HM Government has recently published a series of guidance notes; including one in relation to food production and labelling.
The guidance explores the effect that a no-deal Brexit would have on the labelling of food and compositional standards, which relate to particular foods such as jam and honey. The aim is to provide food manufacturers with guidance to enable them to consider the impact of a no-deal Brexit on their business.
Currently, labelling provisions in the UK are set out predominantly in EU Regulation 1169/2011 to ensure that the minimum quality standards are met – although there are numerous other Regulations detailing the compositional standards for certain foods.
The government has said that, in the event of a no-deal Brexit, any EU-based provisions would at first be rolled over and fixed by statutory instruments where required, to minimise the impact of the legislation ceasing to apply. The government has also confirmed that any UK compositional standards that are not EU-based, will remain unchanged, providing a small measure of certainty to some food producers.
Rather obviously, one change that will need to occur is that the use of ‘EU’ to describe the origin of a product from the UK will need to be amended on labels. There will also be further requirements where products are made up of both EU and non-EU products. The wording on labels will need to be amended to reflect that they are from more than one country, or include similar wording according to the relevant domestic legislation.
The government has also suggested that it may seek to legislate nationally to reflect the incoming EU requirements. These stipulate that the country of origin or place of provenance of the primary ingredient of a food must be included on the label from April 2020.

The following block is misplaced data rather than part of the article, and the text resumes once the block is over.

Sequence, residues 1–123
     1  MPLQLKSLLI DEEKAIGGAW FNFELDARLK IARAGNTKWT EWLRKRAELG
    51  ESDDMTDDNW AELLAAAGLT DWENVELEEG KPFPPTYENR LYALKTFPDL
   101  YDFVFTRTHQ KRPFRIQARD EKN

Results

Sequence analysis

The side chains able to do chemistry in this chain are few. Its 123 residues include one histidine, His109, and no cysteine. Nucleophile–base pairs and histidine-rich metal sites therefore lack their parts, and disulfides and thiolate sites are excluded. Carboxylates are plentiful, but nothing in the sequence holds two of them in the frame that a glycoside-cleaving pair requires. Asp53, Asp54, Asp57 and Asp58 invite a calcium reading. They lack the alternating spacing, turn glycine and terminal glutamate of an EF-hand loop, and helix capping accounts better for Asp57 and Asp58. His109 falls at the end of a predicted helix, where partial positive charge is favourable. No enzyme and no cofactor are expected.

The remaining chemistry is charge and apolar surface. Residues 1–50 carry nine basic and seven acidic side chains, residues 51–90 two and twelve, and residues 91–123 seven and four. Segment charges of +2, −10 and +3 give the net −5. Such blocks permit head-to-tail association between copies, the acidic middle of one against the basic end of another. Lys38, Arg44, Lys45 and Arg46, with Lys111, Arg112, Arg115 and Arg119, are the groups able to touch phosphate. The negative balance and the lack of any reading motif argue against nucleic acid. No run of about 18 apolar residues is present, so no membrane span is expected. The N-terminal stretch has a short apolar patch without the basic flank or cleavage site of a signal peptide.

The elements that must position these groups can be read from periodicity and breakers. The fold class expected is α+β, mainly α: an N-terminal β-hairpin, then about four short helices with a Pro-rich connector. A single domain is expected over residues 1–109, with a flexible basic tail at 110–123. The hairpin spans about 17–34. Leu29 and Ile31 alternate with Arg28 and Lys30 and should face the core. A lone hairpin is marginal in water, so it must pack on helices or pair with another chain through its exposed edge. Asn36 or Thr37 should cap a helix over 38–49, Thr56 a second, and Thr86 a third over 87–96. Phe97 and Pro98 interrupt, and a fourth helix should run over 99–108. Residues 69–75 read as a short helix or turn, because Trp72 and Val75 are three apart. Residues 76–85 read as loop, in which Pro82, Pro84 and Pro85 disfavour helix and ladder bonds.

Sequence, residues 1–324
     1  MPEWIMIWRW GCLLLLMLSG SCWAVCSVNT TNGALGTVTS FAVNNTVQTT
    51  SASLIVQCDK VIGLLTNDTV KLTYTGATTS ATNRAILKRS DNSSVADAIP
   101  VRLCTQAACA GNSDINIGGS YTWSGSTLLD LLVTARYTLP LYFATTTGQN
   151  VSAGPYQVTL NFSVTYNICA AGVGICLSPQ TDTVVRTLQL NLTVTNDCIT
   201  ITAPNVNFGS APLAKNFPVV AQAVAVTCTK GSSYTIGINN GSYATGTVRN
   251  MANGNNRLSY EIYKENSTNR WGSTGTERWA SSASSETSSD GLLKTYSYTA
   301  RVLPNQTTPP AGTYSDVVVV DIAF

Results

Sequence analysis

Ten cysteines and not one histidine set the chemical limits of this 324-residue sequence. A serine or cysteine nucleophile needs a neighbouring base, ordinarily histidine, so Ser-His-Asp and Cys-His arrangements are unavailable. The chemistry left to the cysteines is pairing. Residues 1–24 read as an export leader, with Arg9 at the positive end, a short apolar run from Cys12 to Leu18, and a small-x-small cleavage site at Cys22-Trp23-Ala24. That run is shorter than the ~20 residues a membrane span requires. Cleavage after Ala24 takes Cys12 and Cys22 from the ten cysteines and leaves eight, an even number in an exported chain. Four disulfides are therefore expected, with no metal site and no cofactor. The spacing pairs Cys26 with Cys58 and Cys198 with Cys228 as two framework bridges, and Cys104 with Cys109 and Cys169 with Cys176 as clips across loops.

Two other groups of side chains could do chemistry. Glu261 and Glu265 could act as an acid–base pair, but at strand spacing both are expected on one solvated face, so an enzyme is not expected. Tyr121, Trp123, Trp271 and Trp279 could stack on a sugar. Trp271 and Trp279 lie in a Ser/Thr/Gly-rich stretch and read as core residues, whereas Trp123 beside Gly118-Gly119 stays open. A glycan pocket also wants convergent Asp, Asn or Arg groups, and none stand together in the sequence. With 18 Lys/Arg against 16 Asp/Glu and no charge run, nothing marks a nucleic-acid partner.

In relation to pre-packed products, the requirements for the address of the responsible business on a product will also change. It will no longer be enough to have just the UK address of the responsible business on a product for sale in the EU market and similarly, just an EU address will not be sufficient on a product for sale in the UK. Therefore, to ensure that the label for the product can be used in both the UK and the EU, it will need to include a UK address and an EU address for the responsible business.
The government has provided guidance stating that if a food business in the UK wishes to sell to a country in the EU, they will have to provide an EU address for the responsible business or importer into the EU. EU countries wanting to sell their products in the UK will have to do the same, but provide a UK address on their label. This may lead to additional costs if, for example, the UK food business has to acquire a hub in the EU or engage an importer to ensure their produce labels comply with requirements.
For practical reasons, the guidance does state that food already labelled and in the UK market with an EU27 address will be allowed to be sold until stock runs out.
Currently, in order to market natural mineral waters (NMWs) in the EU, a recognition process found in Directive 2009/54/EC must be followed. The government intends, post Brexit, to amend the UK’s domestic regulations to ensure that recognitions granted by the nations of the UK retain their status within the UK. The aim here is to limit some of the impact on UK-based NMW producers.
However, this does not mean that UK NMWs will continue to be recognised in the EU. This reflects what was said in the European Commission’s Notice to Stakeholders, in the field of Directive 2009/54/EC (23 January 2018). UK producers will need to arrange for the inevitability of having to make ‘third country applications’ to EU member states for recognition of their water.
The government has indicated that the issues discussed in the guidance note will be subject to full public consultation, although it remains to be seen when this will occur.
Potential changes also mean that food producers will have to consider an increase in costs as well as the likelihood of delays. These may be caused by having to alter the labels on their produce and potentially having to engage with importers in the EU/UK, amongst other requirements, in order to comply with the legislation and impacts of a no-deal Brexit.